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Johann Hari and The Laffer Curve

Slighty unfortunate that Hari makes exactly the same mistake about The Laffer Curve that Jonathan Chait does.

Trying to explain this idea to an eager Cheney, "Laffer pulled out a cocktail napkin and drew a parabola-shaped curve on it," writes the liberal New Republic journalist Jonathan Chait. "The premise of the curve was simple. If the government sets a tax rate of zero, it will receive no revenue. And if the government sets a tax rate of 100 per cent, the government will also receive zero tax revenue, since nobody will have any reason to earn any income. Between these two, Laffer\’s curve drew an arc. The arc suggested that at higher levels of taxation, reducing the tax rate would produce more revenue for the government."

No, there\’s a reason it\’s called the Laffer Curve rather than the Laffer Arc. The point is that there is a  level of taxation (and we must be very careful to point out that this will vary for different taxes too) which maximises revenue collection. Go to the right of that point and raising the rate will reduce collections. If you\’re already to the left then reducing the rate will indeed reduce collections.

The point is that if you\’re to the right then reducing the rate will increase collections….and vice versa, if you\’re to the left then increasing the rate will.

We also need to be careful to distinguish between the short and long term. Let\’s have a completely made up example, shall we? OK, we have a taxation system which, via its deadweight costs (which is what we\’re really talking about with the Laffer Curve, the lifting of them, and there isn\’t a single economist alive who would try to insist that taxes don\’t have deadweight costs) leads to a growth rate of 2% pa. We fiddle around with such taxes until we\’ve engineered a growth rate of 4% (well, I did say this was completely made up, didn\’t I?). In the process, we\’ve reduced tax collections by some amount. And we find that we\’ve reduced collections in year two, and three, and four….does that mean we\’ve reduced collections for all time then?

Clearly, no, because the difference between a growth rate of 2% and 4% compound quickly (for one meaning of "quickly") starts to get noticed. For example, a 2% growth rate means the economy doubles in size in 35 years or so. A 4% one means it doubles in 17.5 years or so.

So if we had a 4% growth rate, and taxation levels of only 75% of those in the 2% growth rate scenario, you would see that at some point in the future total tax collections in the higher growth scenario would in fact be higher than in the high tax scenario.

OK. So The Laffer Curve is not buncombe then. The statement that always lowering taxation rates will always increase revenue is indeed buncumbe though: as is the statement that they never will.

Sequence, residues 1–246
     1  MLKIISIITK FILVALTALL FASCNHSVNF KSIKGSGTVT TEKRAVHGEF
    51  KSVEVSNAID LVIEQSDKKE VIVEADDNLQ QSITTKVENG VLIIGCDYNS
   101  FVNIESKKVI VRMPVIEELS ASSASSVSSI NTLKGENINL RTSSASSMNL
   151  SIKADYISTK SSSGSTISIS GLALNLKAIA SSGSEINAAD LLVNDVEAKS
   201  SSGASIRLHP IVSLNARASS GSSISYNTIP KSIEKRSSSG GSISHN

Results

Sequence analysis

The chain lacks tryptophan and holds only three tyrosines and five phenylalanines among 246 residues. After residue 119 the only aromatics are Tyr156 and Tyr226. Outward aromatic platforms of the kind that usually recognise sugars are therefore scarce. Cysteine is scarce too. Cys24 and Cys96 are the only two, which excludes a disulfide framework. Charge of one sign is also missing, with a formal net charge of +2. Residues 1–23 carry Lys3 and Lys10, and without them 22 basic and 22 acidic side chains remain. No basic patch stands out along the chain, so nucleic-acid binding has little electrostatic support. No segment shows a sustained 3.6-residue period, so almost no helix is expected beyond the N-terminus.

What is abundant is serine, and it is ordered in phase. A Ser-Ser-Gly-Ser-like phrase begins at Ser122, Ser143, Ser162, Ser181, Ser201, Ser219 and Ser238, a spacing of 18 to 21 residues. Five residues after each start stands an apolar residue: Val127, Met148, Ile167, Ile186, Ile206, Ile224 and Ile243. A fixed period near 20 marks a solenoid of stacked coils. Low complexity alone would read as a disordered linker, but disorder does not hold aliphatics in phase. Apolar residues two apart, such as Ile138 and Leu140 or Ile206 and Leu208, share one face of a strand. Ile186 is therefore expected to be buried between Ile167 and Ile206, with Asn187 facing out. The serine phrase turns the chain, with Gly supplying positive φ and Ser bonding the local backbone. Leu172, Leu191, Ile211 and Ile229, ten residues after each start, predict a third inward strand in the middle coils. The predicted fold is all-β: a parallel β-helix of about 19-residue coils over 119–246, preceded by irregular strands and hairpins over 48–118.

The question is, where are we on the curve and further, what timescale are we talking about?

I\’ll also add my usual whine here about the phrase "supply side". It has come to mean, in the annals of American liberalism, exactly this about marginal taxation rates. But that\’s not the way it started out, not the way I continue to understand/use it. It\’s about reform of the supply side. Privatising BT, breaking up AT&T, these are also supply side reforms. Education vouchers would be supply side reform, GP fundholding was a supply side reform. It\’s about what it says on the tin: reforming the supply side of the economy.

From 1947 to 1973, the US economy grew by 4 per cent a year – while the richest Americans paid a 91 per cent top rate of tax.

Err, Johann? A little research perhaps before you write about things where you have no knowledge base?

President John F. Kennedy proposed a series of tax rate reductions in 1963 that resulted in legislation the following year that dropped the top rate from 91 percent in 1963 to 70 percent by 1965. The Kennedy tax cuts helped to trigger the longest economic expansion in the history of the United States. Between 1961 and 1968, the inflation-adjusted economy expanded by more than 42 percent. On a yearly basis, economic growth averaged more than 5 percent.

That\’s just sloppy.



17 thoughts on “Johann Hari and The Laffer Curve”

  1. So from 1947 to 1963, the top rate of tax was 91 percent… and the economy grew by 4 percent every year, right?

    Tim adds: Indeed it did. Something that has been known to happen at the end of a war, a boom.

    Also worth noting that the top rate came in at $200,000 a year (in 1945 money). In fact, it’s said that when FDR brought in that top rate only one person actually paid it. John D. Rockefeller.

  2. I’m not sure that the Laffer curve would be similar for different societies and, if the curve has different sociological variations, one has to wonder if it has any predictive value. Gemany, for example, initiated the greatest tax rise in the history of the country after that last election and now is seeing record tax revenue. One wonders if the result would have been the same if the same tax rise had happened in the US or GB.

  3. ‘No, there’s a reason it’s called the Laffer Curve rather than the Laffer Arc. ‘

    You have lost me-are you saying that Hari is wrong because he used the word ‘arc’ instead of ‘curve’?